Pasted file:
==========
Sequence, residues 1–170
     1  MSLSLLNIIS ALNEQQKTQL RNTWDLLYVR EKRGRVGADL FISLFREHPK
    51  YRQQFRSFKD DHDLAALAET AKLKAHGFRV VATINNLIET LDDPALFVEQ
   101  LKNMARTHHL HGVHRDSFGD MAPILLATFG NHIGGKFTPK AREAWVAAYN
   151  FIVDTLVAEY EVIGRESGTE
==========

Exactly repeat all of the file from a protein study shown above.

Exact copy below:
Sequence, residues 1–170
     1  MSLSLLNIIS ALNEQQKTQL RNTWDLLYVR EKRGRVGADL FISLFREHPK
    51  YRQQFRSFKD DHDLAALAET AKLKAHGFRV VATINNLIET LDDPALFVEQ
   101  LKNMARTHHL HGVHRDSFGD MAPILLATFG NHIGGKFTPK AREAWVAAYN
   151  FIVDTLVAEY EVIGRESGTE